- Archbishop Martin: “To worship unlimited choice is to worship a false god … To be able to discern between good and evil is more important than ever“
Six hundred years before Christ, the city of Jerusalem was completely destroyed and thousands of its inhabitants were forcibly deported far away to Babylon. During this time of Exile and captivity the Jewish people found themselves surrounded by the trappings and temptations of a powerful foreign culture. The prophet Isaiah urged them not to forget their heritage and the faith of their fathers. “Look to the rock from which you were hewn”, he wrote, “and to the quarry from which you were dug”.
On Reek Sunday every year we follow in the footsteps of Saint Patrick, and of our ancestors who have climbed this holy mountain since the dawn of Christianity. Croagh Patrick, represents the rock from which we, the people of Ireland were hewn. Today’s pilgrimage links our past, present and future and it continues to nurture the spiritual memory and identity of this country. It is particularly special to celebrate the Eucharist here on top of Croagh Patrick, because the Mass is our greatest act of Christian remembering. It makes present, here and now, the Paschal Mysteries of Christ’s suffering, death and resurrection. Jesus said: “Do this in memory of me”.
Tradition tells us that our patron Saint Patrick came to these parts to do penance, to be renewed and to find answers to his deepest struggles and questions. No doubt this mountain connected him with the time when he was a teenaged victim of human trafficking, a time when he prayed constantly – day and night, in the woods and on the mountain – even in the rain and snow and ice (see Confession 16).
Looking back, Patrick saw his exile and captivity as a bitter, but purifying time – a time when he first turned to God personally with all his heart, and when the spirit of God began to burn within him. Patrick admits that before his enslavement in Ireland he and his family had drifted away from God and from the practice of their faith. It seems they had largely forgotten “the rock from which they were hewn”. Patrick tells us they no longer kept God’s commandments and had stopped listening to the advice of their priests on how to be saved. They had lost the wisdom to distinguish good from evil.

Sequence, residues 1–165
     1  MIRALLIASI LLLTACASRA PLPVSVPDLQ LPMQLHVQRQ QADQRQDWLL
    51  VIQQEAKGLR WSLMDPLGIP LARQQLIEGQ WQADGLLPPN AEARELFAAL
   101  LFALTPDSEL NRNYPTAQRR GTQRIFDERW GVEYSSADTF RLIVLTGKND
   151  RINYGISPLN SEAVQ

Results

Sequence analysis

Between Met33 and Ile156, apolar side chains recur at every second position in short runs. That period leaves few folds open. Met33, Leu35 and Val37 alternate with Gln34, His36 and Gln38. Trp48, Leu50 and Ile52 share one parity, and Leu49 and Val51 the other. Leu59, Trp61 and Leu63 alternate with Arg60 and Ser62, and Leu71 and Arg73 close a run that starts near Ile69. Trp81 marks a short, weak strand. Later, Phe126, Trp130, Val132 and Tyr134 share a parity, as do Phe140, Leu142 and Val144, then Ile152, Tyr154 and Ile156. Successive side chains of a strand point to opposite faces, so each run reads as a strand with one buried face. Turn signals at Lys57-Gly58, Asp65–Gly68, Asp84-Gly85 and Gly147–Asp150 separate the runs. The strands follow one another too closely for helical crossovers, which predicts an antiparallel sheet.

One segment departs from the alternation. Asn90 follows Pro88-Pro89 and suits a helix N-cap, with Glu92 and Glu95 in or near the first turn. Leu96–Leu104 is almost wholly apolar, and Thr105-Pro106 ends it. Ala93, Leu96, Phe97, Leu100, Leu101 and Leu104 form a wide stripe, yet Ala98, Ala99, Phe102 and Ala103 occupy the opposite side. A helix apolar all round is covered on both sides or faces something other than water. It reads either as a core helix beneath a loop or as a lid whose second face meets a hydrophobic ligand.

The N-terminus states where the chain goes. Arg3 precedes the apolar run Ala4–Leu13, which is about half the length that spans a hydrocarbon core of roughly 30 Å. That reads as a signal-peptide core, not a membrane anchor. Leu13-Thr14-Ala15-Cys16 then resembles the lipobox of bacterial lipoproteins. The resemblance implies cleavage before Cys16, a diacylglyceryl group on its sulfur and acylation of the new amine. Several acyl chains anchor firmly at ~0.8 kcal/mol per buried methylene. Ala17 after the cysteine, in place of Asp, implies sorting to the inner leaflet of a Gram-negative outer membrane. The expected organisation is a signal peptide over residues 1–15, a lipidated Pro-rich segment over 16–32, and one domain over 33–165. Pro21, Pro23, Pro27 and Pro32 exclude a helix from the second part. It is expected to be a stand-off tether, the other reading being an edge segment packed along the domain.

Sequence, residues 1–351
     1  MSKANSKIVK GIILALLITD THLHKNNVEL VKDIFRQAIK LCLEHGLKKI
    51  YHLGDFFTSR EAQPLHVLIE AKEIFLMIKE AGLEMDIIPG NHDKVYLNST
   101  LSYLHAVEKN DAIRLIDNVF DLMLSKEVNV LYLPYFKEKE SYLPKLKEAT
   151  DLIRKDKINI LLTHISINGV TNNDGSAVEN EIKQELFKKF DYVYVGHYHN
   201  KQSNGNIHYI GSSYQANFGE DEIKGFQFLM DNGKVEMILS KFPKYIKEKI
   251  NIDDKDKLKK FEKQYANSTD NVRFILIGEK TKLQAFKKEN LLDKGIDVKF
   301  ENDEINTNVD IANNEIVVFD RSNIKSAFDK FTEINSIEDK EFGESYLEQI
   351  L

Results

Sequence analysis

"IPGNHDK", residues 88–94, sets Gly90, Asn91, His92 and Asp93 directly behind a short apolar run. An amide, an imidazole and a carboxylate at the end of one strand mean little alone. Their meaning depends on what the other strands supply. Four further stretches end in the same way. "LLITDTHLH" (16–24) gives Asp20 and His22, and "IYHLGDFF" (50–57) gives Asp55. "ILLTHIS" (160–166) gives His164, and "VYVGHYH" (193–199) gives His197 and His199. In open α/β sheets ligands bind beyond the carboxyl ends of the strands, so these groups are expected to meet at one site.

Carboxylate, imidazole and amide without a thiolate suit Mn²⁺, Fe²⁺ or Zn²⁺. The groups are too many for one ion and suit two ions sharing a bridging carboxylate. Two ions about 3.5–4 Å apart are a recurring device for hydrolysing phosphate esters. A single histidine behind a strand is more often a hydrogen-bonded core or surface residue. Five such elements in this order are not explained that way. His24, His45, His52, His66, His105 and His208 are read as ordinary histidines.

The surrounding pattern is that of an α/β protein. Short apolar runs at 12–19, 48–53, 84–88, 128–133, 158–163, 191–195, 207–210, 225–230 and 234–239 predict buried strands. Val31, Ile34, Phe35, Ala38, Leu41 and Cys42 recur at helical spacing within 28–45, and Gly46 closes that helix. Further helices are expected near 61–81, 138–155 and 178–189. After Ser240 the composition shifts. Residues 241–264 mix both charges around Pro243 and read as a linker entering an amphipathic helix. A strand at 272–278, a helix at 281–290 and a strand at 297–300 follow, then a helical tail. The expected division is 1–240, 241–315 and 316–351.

In today’s first reading, when God told Solomon He would give him anything that he wanted, Solomon made a surprising choice. Rather than selecting riches or power or long life, he said:
“Lord, Give your servant a heart to understand how to discern between good and evil”.
Young Solomon and young Patrick both knew that such wisdom could stand the test of time. It was like finding a pearl of great price. Today, on Ireland’s holy mountain, I pray for that gift from God, for each of us personally, and for our country at this time – the gift of a heart to understand how to discern between good and evil. Because good builds us up; evil destroys us.